When a project calls for compacting material in a trench, it's important to make sure you use the appropriate compactor for the conditions.
"Like any compaction job, the challenge starts with matching the right equipment with the material and size of the job," says Fred Paul, sales engineering manager, Wacker Neuson. "Trench compaction also offers an additional challenge of [ensuring] operator safety. The contractor needs to pay special attention to the width and depth of trench to determine if shoring is required."
"With shoring, a contractor can use any type of compaction available, since it is a safe environment for the operator," says Scott Bailey, North American sales manager, Weber Machine, Inc. But without shoring, the options become more limited.
Know your soil
According to Guy Boor, engineering product manager for compaction, Stone Construction Equipment, it's important for a contractor to have at least some understanding of the materials, moisture content and soil mechanics of the area to be compacted. "He will then understand the relationships involved to achieve compaction and can make an informed decision."
In the case of cohesive materials (e.g., clay or silt), rammers and sheepsfoot (padfoot) trench rollers are more effective due to their lower frequencies and high amplitudes. For granular materials (e.g., sand or gravel), vibratory plates and smooth drum rollers are the better choice due to their higher frequencies and lower amplitudes.
"If a contractor is compacting 'crush,' then the best option would be a vibratory plate compactor designed for the amount of material to be compacted," Bailey states. "A vibratory plate compacts mixed aggregate better than a trench roller due to its faster travel speed and larger surface area."
"The vibration action reduces frictional forces at the contact surfaces, allowing the particles to fall freely under their own weight," Paul adds. "Cohesive soils, made of silts and clays, are best compacted by the impact force of a rammer or sheepsfoot roller."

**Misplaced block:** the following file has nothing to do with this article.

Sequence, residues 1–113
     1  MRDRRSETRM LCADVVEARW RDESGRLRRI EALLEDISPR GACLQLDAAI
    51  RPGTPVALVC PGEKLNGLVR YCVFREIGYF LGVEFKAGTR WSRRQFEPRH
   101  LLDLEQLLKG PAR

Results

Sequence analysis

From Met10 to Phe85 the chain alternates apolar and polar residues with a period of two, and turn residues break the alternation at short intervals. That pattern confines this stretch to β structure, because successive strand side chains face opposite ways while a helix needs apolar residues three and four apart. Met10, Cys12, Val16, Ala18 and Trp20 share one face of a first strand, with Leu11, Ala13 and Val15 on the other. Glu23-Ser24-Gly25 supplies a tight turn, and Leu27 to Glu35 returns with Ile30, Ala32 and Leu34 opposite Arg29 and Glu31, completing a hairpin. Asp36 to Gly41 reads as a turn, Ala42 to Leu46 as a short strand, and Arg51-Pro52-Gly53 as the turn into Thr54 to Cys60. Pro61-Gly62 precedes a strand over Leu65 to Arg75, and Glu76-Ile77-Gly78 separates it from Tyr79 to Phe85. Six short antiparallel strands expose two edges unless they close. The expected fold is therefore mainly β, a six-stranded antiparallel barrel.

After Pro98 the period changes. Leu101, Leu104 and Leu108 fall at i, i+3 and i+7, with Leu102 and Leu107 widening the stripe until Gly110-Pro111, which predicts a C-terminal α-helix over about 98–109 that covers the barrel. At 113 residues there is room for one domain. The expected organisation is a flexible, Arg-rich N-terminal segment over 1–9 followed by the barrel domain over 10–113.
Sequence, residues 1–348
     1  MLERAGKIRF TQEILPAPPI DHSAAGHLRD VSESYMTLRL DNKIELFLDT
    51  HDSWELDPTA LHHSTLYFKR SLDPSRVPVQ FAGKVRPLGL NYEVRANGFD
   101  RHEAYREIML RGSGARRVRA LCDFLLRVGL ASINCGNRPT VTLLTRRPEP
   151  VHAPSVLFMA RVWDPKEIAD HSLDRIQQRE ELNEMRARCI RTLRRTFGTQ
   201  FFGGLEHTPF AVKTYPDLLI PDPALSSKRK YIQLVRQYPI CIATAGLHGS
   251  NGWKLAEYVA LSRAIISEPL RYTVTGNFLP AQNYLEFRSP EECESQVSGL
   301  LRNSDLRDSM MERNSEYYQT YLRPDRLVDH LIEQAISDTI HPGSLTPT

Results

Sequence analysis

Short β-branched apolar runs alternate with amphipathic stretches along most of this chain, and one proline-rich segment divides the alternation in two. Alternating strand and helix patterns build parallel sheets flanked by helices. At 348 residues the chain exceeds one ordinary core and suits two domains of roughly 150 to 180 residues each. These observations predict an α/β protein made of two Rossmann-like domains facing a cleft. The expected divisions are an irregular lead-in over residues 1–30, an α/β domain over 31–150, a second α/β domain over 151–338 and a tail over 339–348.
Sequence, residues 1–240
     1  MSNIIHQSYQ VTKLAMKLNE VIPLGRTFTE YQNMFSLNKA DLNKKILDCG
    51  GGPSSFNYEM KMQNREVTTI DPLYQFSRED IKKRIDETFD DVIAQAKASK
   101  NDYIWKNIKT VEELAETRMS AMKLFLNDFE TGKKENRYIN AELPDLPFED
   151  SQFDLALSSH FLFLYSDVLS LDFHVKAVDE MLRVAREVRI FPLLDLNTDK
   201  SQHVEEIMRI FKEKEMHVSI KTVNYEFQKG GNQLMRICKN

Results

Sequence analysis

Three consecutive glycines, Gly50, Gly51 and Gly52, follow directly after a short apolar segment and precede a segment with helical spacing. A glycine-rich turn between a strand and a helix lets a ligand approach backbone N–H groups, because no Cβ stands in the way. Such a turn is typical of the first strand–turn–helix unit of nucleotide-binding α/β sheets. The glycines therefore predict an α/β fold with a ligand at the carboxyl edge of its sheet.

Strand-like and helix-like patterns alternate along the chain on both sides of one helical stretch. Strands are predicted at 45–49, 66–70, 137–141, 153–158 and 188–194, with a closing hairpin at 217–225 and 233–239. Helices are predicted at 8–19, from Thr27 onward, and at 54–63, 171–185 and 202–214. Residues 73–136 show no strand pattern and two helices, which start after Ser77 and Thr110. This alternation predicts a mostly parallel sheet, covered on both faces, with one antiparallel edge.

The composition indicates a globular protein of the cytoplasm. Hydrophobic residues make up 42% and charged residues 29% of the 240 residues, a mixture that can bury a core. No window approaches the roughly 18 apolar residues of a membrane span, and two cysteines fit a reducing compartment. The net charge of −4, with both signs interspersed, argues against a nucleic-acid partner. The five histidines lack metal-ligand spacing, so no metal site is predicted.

In most cases, notes Boor, contractors are compacting native material, which is usually made up primarily of clay. "Trench rollers work the best because of the drive wheels and the vibration," he says. "In clay material, a plate compactor will tend to bury itself."
The exception would be a boom-mounted plate attachment. "The boom-mounted option works because the operator is performing spot compaction and can pick the plate off the material and move it to another location," Bailey points out.
Match width for width
The dimensions of the work area will influence both the type and features of the compactor required.
"The width of the machine as compared to the trench is an obvious starting point," says Paul. For very narrow trenches, rammers (tampers) are the most common choice. "Rammers are ideal for utility and cable trenches as narrow as 4 in."
Several different foot sizes -- from as little as 4 in. to 13 in. or more -- are available to accommodate varying trench widths.
As the work area expands in size, however, plate compactors and trench rollers tend to be more productive. Walk-behind plate compactors come in working widths up to around 50 in., and are available in forward (single direction) or reversible (dual direction) configurations.
"The advantage of using a reversible plate in the trench is that it eliminates the need to actually turn the machine around. Simply changing the direction of the unit will make quick and easy work of trench compaction," Paul asserts. Many reversibles also come with extension plates to more easily match trench width.
Certain trench roller models can also be adjusted to accommodate narrower trenches. "BOMAG trench rollers offer two different working widths [in one machine] to be flexible for different trench width applications," says Albertus Krings, product manager. "By taking the drum extensions off, the working width can be changed from 34 to 24 in. in just minutes."